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Beauty and the Beast

Told By An Idiot
Lyric Hammersmith
(2007)

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The Lyric Hammersmith's Christmas production this year is Beauty and the Beast bought to us by the theatre company Told by an Idiot.

This classic fairy tale has been told in many different styles over the years. Beauty's father is returning from a trip when he gets into trouble; cold and tired he takes refuge in a magnificent palace that he stumbles upon. Whilst there he catches sight of a single red rose which he takes as a gift for Beauty. This is perceived as an act of disrespect and ingratitude by the beast who punishes Beauty's father by insisting that either himself or Beauty return to the palace to stay with him for eternity. Beauty joins the beast and finds that in time, despite his physical appearance, she grows to love the beast for his beauty that lies within.

"One of the most realistic of the famous fairytales", Beauty and the Beast depicts a love that arises from friendship rather than physical attraction.

One cannot discuss Told by an Idiot's production without acknowledging Lisa Hammond's performance as Belle. By casting an actress of diminutive height who at many times throughout the production is aided by a wheelchair they have immediately challenged society's perception of beauty. The audience are not being presented with the Barbie doll image to which we have become accustomed.

Hammond's almost too naturalistic style of acting throughout, however, tended to clash with rather than complement that of some of the other actors, mainly that of the two sisters; Bridget (Hayley Carmichael) and Brioche (Nick Haverson). The two "ugly" sisters' farcical performance was received with huge delight by the predominantly child audience and without a doubt this is a show for children. This is why I found it baffling when we were presented with many moments which were completely designed to appeal to the adult audience. This was particularly evident in the scene which centred around a Marks & Spencer's parody of their "sexverts" for selling food.

With pantomime we are used to - in fact we expect - the saucy asides, but this most certainly was not a pantomime and yet the performance was littered with adult references, which were not so much asides as sometimes the crux of the scene.

The juxtaposition throughout of naturalism with farce with surrealism (reminiscent at times of a David Lynch film) was confusing; it was hard to gauge the intention of this production. Perhaps it was a deliberate choice; the company's ethos is to "devise theatre through play which is accessible to all". However by trying to appeal to everyone the result at times is in fact alienating. As an adult I did not appreciate the constant popular culture references such as She by Elvis Costello playing every time the dead mother was mentioned.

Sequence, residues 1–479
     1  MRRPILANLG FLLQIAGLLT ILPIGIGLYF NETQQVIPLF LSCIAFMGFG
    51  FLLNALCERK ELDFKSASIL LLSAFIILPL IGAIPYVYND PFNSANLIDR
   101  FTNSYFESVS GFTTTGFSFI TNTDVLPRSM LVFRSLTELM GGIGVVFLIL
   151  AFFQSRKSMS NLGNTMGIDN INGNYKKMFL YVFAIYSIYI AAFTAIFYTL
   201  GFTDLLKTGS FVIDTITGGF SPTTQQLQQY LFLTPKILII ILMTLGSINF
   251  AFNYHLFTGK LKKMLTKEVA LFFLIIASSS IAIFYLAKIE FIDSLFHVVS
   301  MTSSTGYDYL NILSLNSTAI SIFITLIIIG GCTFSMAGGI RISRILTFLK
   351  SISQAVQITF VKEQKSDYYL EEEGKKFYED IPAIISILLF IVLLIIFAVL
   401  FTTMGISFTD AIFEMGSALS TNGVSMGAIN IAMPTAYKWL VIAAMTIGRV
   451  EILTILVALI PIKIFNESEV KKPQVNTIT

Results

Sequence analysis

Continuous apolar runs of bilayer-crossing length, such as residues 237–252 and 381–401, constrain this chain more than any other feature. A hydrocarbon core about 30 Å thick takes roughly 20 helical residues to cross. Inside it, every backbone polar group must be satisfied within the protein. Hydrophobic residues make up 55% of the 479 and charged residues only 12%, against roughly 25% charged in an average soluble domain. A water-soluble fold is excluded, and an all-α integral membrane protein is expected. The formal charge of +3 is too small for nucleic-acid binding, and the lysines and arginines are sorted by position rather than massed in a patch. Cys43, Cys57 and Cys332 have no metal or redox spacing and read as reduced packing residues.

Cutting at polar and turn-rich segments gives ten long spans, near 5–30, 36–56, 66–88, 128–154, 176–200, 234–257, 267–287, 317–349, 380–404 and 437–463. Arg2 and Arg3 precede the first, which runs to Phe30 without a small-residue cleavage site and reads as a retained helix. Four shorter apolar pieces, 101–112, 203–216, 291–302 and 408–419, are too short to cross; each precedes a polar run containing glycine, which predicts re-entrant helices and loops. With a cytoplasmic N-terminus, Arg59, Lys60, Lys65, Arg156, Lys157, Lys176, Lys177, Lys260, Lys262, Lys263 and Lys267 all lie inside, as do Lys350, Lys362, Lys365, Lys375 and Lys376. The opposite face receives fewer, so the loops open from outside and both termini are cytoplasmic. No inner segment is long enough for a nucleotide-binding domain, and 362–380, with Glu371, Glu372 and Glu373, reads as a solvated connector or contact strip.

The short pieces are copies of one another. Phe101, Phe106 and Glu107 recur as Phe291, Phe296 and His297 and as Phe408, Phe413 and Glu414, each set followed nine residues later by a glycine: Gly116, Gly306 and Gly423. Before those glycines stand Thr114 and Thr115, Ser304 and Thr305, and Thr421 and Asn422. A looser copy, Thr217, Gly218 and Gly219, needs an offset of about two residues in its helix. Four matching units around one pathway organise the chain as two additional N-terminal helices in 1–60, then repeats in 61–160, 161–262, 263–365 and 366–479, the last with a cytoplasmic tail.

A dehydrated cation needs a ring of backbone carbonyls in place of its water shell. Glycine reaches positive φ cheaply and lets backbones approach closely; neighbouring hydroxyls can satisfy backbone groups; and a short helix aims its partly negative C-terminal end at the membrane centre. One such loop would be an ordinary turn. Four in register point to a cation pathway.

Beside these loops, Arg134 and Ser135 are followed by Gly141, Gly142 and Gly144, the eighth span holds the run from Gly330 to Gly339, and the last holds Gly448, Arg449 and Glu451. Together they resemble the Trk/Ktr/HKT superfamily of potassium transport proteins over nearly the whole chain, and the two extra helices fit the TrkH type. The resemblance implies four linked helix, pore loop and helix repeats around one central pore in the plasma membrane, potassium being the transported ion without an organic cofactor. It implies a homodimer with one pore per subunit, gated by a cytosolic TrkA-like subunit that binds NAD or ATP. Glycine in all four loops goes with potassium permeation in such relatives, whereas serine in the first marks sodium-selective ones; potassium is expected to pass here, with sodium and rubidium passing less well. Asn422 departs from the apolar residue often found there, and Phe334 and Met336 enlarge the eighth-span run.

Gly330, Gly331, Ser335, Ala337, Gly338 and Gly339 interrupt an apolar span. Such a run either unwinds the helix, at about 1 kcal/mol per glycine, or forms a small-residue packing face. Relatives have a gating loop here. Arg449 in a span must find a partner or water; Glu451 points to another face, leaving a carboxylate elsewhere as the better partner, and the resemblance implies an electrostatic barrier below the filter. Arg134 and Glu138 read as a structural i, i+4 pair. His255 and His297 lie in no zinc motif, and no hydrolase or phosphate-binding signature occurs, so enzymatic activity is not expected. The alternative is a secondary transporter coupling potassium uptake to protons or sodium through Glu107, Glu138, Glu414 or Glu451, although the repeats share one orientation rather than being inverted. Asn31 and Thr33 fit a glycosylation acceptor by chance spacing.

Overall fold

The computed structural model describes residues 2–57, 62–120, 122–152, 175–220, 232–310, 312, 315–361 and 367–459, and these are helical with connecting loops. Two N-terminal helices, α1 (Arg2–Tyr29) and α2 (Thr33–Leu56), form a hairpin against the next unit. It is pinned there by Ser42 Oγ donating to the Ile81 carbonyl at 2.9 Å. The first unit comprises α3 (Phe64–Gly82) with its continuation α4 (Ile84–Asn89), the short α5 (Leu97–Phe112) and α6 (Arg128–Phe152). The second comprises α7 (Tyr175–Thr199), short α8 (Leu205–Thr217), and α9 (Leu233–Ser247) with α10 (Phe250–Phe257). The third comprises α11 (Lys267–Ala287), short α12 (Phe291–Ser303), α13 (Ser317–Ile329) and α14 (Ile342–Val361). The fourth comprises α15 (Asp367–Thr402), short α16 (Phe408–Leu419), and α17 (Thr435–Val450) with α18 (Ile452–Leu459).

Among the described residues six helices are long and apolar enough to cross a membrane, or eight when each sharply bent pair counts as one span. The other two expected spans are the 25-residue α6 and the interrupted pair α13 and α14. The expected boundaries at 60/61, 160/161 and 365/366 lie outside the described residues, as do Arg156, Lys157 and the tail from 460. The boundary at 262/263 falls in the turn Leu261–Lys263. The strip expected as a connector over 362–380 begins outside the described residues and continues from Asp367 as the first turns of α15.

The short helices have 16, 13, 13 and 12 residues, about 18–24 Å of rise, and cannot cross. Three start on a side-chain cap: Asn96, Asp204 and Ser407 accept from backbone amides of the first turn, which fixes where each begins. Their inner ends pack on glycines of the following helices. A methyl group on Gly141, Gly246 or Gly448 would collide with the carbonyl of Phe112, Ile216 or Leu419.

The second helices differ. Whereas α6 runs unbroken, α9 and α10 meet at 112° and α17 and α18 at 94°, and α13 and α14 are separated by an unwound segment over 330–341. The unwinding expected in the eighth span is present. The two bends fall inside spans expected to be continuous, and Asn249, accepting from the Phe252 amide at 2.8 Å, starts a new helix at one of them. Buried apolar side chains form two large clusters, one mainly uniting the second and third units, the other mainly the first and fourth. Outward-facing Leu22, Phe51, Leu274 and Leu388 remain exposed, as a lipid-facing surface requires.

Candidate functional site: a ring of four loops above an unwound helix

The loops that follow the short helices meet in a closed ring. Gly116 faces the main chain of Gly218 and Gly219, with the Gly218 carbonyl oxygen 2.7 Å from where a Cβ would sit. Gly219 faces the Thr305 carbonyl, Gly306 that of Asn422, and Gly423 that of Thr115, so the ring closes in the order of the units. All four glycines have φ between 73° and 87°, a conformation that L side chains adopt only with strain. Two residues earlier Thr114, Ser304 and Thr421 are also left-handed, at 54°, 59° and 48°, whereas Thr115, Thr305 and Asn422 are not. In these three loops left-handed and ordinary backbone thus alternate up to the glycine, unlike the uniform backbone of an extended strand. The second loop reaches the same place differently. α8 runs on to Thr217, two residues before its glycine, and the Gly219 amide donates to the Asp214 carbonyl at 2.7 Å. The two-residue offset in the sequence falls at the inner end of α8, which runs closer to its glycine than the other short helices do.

Told by an Idiot underestimate an adult's enjoyment of a children's show and the children in the audience were certainly more appreciative when they understood what was happening.

Nevertheless some performances adopted the perfect tone to appeal to children. Javier Marzan (Kronenbourg, the family dog) who guided us through the tale was captivating throughout. He was the total embodiment of a playful, hyperactive pet and had the children transfixed as he rolled about the stage whilst at the same time not distancing them with his occasional asides.

Leo Wringer's performance as Beast is also notable; although I should reinforce the show's warning that the play is not suitable for children under the age of seven, who watched Beast through teary eyes and covered ears. The cloaked Beast exploded onto the stage amid a cry of roaring and snarling echoing throughout the theatre. In Act Two when Beast is fully revealed, he is ravaging a woodland creature, gnawing at his insides, with blood splattered all over him whilst declaring in his gravelling tone that he will "slaughter" and "open throats". Wringer epitomises the savageness of this creature shunned by society, whilst managing to achieve comedy as we see him struggle with whether to mount the dinner table or politely sit on his chair.

The passion of Beast and the comic interjection of the two sisters and Kronenbourg throughout carried the performance along but it was interrupted by scenes that simply fell flat.

The thrill of a live performance will always engage a child but I'm not sure that this adaptation of Beauty and the Beast will be a Christmas memory that stays with them forever.

Playing until Saturday 5th January, 2008

Reviewer: Rachel Sheridan